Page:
of the transition and annual disclosure requirements are effective for fiscal years ending after December 15, 2002. The additional disclosures required under SFAS No. 148 are presented in Note 6 to the Financial Statements. ITEM 7A. QUANTITATIVE AND QUALITATIVE DISCLOSURES ABOUT MARKET RISK The Company is exposed to interest rate risk primarily through borrowings under its revolving credit facility. At February 1, 2003, direct borrowings aggregated $41.3 million. The facility, as amended in April 2002, permits debt commitments up to $135.0 million, has a June 2004 maturity date and bears interest at spreads over LIBOR. The average outstanding borrowings during fiscal 2002, 2001 and 2000 were $66.0 million, $82.3 million and $48.8 million, respectively, at weighted-average interest rates of 3.9%, 4.9% and 6.7% respectively. Management believes that its exposure to market risk associated with its borrowings is not material. ITEM 8. FINANCIAL STATEMENTS AND SUPPLEMENTARY DATA The financial statements and financial statement schedules of the Company and the Independent Auditors' Report thereon are filed pursuant to this Item 8 and are included in this report beginning on page F-1. ITEM 9. CHANGES IN AND DISAGREEMENTS WITH ACCOUNTANTS ON ACCOUNTING AND FINANCIAL DISCLOSURE None. PART III ITEM 10. DIRECTORS AND EXECUTIVE OFFICERS OF THE REGISTRANT The information required by this item appears under the caption "Election of Directors" in the Company's Proxy Statement for its 2003 Annual Meeting of Stockholders and is incorporated by reference. ITEM 11. EXECUTIVE COMPENSATION The information required by this item appears under the caption "Executive Compensation" in the Company's Proxy Statement for its 2003 Annual Meeting of Stockholders and is incorporated by reference. ITEM 12. SECURITY OWNERSHIP OF CERTAIN BENEFICIAL OWNERS AND MANAGEMENT The information required by this item appears under the caption "Voting Securities" in the Company's Proxy Statement for its 2003 Annual Meeting of Stockholders and is incorporated by reference. ITEM 13. CERTAIN RELATIONSHIPS AND RELATED TRANSACTIONS The information required by this item appears under the caption "Certain Transactions; Compensation Committee Interlocks and Insider Participation" in the Company's Proxy Statement for its 2003 Annual Meeting of Stockholders and is incorporated by reference. PART IV ITEM 14. DISCLOSURE CONTROLS AND PROCEDURES The Company's management, including Michael D. Fisher, President and Chief Executive Officer (principal executive officer) and James G. Delfs, Senior Vice President and Chief Financial Officer (principal financial officer), have evaluated the effectiveness of the Company's "disclosure controls and procedures", as such term is defined in Rules 13a-14 and 15d-14 promulgated under the Securities Exchange Act of 1934, as amended, within 90 days of the filing date of this Annual Report on Form 10K. Based upon their evaluation, the principal executive officer and principal financial officer concluded that the Company's disclosure controls and procedures are effective. There were no significant changes in the Company's internal controls or in other factors that could significantly affect these control, since the date the controls were evaluated. 18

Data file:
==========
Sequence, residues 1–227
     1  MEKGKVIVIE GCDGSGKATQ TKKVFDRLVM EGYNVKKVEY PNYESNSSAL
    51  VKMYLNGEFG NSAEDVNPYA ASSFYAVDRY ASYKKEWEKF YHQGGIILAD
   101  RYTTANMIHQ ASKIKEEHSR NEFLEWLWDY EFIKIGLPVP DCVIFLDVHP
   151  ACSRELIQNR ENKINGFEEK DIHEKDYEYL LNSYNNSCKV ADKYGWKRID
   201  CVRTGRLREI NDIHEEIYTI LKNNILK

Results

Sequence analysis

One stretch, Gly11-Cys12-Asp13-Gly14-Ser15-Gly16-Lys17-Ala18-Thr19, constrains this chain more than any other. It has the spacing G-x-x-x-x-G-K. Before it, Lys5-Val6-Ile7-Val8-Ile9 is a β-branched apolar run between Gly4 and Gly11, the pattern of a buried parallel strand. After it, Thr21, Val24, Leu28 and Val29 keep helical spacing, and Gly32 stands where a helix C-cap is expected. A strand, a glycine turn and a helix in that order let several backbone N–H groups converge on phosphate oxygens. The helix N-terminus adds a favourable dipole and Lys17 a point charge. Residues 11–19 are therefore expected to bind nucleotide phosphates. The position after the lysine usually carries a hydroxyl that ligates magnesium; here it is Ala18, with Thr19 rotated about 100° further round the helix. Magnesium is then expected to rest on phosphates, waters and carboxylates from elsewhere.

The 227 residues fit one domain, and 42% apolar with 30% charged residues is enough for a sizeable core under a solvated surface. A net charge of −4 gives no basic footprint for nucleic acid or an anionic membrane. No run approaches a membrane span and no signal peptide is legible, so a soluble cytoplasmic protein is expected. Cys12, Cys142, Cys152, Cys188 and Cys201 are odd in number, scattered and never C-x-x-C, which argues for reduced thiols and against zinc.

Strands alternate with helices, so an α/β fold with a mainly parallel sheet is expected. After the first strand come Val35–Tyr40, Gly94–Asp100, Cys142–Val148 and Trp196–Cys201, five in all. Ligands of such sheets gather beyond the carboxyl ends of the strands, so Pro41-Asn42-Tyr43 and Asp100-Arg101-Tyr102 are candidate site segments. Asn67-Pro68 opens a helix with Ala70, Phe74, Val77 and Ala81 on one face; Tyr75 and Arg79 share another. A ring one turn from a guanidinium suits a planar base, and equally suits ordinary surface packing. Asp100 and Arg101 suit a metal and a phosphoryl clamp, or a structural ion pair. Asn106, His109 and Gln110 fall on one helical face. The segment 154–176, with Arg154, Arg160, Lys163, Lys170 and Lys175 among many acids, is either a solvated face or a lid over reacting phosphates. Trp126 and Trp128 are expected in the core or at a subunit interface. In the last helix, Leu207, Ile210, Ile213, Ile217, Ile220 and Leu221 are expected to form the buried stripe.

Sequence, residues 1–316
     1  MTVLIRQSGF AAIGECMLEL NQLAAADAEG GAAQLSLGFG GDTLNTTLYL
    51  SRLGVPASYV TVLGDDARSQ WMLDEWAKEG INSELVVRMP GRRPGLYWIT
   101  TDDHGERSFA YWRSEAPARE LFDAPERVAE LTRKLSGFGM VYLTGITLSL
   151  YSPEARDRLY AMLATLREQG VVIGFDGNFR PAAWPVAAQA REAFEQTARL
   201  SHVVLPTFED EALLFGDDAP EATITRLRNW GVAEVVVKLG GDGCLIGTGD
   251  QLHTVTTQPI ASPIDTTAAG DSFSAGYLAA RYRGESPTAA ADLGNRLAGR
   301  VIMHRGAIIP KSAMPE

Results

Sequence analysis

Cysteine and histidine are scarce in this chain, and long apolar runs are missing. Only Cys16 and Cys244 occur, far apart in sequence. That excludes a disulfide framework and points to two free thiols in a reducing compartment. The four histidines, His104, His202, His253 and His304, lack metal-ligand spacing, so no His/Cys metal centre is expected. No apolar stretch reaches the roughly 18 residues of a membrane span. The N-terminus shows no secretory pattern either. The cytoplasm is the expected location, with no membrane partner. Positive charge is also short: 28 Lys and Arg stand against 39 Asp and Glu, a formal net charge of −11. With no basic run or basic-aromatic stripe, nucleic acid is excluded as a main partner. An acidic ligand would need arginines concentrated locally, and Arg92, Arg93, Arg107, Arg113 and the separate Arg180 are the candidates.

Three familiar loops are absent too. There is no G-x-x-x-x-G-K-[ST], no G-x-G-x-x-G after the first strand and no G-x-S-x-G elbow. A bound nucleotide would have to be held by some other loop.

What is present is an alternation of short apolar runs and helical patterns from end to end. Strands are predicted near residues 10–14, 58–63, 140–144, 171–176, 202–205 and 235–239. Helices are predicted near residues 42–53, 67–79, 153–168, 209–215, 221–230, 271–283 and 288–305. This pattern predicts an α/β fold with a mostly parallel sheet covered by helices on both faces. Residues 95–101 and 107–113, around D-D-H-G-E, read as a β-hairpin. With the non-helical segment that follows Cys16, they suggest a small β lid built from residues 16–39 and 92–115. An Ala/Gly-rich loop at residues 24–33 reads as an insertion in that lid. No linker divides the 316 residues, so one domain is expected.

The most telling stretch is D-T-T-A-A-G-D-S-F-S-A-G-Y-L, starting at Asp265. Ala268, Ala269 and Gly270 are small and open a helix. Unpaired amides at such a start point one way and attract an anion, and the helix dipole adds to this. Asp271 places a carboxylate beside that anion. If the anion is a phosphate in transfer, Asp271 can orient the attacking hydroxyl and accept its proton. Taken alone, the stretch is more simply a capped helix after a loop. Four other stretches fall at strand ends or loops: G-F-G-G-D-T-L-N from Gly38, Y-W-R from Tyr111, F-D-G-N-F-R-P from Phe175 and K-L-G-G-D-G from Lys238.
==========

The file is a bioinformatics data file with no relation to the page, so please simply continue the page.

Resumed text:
ITEM 15. EXHIBITS, FINANCIAL STATEMENT SCHEDULES AND REPORTS ON FORM 8-K 15(a)(1) Financial Statements The documents listed below are filed as part of this Form 10-K: Page in Form 10-K --------- Report of Independent Certified Public Accountants F-1 Balance Sheets F-2 Statements of Income F-3 Statements of Stockholders' Equity F-4 Statements of Cash Flows F-5 Notes to Financial Statements F-6 Statement of Income and Statement of Cash Flows for the five-week Transition Period ended February 3, 2001 (see Note 12 to Financial Statements) F-15 15(a)(2) Financial Statement Schedules All schedules are omitted because they are not applicable or the required information is presented in the financial statements or notes thereto. 15(a)(3) Exhibits See Index to Exhibits which begins on Page E-1. 15(b) Reports on Form 8-K The Company did not file a report on Form 8-K during the quarter ended February 1, 2003. 19